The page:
Do you remember back in April when we wondered, with guarded optimism, if restaurants that charged customers on a sliding scale or voluntary basis could succeed? Well, it turns out at least one of them can’t, but amazingly, the problem doesn’t seem to be in the One World Everybody Eats business model, according to the Salt Lake Tribune.
“As the restaurant grew, I didn’t have the expertise at running a kitchen,” acknowledged [owner Denise] Cerreta during a media teleconference call on Friday. “We needed more structure and a more professional kitchen.”
A recent review of the business showed the restaurant was overstaffed and management of employee time was poor. It never even had an employee time clock. The restaurant also had failed to keep concise records of food costs and fixed costs. All told, mismanagement cost the restaurant $8,000 to $10,000 a month, Cerreta said.”
But let’s not forget, also, that nobody has any money anymore, and of course that had something to do with the restaurant’s own hard times. According to the article, the average customer donation fell from $10, at its peak, to $7 over the summer. It’s hard to tell whether that decline had to do with customers’ disappearing bank accounts or the restaurant’s own mismanagement. Probably a little of both.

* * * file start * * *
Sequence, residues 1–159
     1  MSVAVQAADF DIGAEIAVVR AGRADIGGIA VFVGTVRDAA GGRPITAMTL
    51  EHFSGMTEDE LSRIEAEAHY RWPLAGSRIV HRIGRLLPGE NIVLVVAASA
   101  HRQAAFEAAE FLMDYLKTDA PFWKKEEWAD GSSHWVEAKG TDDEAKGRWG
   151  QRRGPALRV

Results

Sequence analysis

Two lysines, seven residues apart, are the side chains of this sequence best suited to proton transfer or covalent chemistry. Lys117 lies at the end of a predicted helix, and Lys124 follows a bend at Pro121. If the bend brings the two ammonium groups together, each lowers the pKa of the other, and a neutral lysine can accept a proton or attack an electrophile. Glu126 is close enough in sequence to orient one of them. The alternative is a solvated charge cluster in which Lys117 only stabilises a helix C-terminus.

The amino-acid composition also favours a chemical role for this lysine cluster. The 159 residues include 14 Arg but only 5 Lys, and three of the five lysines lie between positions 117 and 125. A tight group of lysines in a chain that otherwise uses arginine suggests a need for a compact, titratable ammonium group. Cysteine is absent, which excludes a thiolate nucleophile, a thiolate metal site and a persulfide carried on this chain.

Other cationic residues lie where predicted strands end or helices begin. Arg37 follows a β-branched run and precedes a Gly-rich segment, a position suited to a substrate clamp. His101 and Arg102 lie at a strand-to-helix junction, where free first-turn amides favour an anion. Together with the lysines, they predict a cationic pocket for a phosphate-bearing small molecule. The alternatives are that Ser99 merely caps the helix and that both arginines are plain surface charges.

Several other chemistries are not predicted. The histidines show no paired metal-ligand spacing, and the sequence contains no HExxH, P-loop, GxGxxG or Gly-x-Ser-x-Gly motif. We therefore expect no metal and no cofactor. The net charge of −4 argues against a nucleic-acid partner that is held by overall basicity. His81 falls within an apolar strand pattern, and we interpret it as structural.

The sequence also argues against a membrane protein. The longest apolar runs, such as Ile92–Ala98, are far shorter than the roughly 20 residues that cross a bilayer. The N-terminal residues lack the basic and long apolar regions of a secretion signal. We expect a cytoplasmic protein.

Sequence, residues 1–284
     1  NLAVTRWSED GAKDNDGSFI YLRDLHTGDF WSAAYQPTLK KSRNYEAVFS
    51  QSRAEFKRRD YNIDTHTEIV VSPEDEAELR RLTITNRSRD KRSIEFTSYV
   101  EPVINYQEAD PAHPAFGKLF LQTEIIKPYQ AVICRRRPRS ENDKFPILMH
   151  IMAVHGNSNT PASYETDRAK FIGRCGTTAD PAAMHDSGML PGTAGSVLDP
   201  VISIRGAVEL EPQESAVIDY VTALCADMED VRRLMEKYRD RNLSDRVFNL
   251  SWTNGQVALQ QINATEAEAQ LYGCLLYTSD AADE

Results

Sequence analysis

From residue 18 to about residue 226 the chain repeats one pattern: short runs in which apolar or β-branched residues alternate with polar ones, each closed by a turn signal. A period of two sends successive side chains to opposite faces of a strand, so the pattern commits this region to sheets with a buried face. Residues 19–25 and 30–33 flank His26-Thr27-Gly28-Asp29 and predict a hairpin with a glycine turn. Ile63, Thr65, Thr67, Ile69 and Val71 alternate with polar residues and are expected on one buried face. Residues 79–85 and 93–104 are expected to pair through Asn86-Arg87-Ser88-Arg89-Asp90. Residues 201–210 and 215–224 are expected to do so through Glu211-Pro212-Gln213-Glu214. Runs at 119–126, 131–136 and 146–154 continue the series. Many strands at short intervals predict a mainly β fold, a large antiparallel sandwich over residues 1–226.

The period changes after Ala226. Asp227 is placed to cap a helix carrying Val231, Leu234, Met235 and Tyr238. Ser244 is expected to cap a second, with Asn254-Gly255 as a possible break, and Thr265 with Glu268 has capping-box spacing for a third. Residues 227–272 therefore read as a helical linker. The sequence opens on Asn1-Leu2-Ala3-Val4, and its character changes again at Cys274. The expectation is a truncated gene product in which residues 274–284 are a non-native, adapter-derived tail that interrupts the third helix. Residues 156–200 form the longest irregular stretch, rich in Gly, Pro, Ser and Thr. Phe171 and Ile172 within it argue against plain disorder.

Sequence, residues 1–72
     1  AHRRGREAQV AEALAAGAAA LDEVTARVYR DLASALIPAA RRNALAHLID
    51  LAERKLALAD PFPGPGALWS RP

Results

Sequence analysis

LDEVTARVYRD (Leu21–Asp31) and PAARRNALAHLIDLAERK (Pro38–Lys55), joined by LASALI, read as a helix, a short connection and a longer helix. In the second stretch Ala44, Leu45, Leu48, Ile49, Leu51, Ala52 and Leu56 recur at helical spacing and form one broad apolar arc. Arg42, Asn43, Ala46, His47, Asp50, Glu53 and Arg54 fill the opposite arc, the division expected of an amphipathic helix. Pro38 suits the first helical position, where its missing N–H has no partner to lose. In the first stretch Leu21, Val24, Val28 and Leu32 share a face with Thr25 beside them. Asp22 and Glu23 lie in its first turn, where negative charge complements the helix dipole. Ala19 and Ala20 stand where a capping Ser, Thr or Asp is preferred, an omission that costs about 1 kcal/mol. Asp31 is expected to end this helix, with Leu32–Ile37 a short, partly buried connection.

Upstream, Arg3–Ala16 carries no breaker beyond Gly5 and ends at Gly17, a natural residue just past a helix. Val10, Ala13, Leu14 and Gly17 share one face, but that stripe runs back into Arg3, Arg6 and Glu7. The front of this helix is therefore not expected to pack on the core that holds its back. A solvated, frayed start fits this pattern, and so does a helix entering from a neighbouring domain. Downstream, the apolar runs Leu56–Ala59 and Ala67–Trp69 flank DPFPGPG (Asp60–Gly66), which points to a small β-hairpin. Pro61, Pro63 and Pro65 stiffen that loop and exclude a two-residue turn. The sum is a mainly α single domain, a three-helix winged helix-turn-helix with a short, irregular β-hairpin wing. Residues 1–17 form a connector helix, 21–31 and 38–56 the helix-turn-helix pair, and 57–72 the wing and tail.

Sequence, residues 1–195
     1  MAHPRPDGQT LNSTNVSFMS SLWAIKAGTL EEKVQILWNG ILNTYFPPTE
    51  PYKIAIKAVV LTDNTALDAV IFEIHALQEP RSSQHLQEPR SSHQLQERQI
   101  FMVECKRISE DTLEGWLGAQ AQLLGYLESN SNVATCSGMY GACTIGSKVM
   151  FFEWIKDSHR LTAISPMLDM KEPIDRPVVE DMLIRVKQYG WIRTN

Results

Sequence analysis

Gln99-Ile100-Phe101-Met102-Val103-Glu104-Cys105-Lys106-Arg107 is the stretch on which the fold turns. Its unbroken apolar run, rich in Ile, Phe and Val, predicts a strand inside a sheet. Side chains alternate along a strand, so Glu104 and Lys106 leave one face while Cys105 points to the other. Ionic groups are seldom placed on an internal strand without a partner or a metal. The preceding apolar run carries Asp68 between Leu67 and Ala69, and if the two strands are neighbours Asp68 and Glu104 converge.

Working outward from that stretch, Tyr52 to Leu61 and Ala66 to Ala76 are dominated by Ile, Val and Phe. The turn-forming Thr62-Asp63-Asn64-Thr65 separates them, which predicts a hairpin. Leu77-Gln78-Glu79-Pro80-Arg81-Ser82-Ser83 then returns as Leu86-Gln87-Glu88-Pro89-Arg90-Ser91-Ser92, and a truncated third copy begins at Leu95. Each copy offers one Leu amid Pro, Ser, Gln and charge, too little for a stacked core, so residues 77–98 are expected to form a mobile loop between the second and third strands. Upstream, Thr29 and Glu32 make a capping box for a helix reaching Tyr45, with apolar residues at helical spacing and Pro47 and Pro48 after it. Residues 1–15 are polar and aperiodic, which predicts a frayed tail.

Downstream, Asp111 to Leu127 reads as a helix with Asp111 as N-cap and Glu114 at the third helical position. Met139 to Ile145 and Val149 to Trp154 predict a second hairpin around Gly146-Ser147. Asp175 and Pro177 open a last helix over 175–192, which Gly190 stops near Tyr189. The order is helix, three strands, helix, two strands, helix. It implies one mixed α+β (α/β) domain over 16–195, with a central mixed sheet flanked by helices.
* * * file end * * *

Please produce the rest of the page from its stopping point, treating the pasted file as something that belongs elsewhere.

So it would appear that a few things necessary to succeed as a restaurant include well-managed money, a legitimate management presence, and, possibly charging money for the food. Possibly. The One World Everybody Eats cafe did survive for five years, and Cerreta insisted in the article that they’re not going to close now. But darn, it seems that, on some level, Cerreta faces the choice of charging her customers or paying her employees. Oh, that’s an easy one.
Restaurants That Rely On The Kindness Of Customers [MenuPages]
One World Everybody Eats [Official Site]
Nonprofit eatery can’t bring home the bacon [Salt Lake Tribune]
[Photo: Via One World Everybody Eats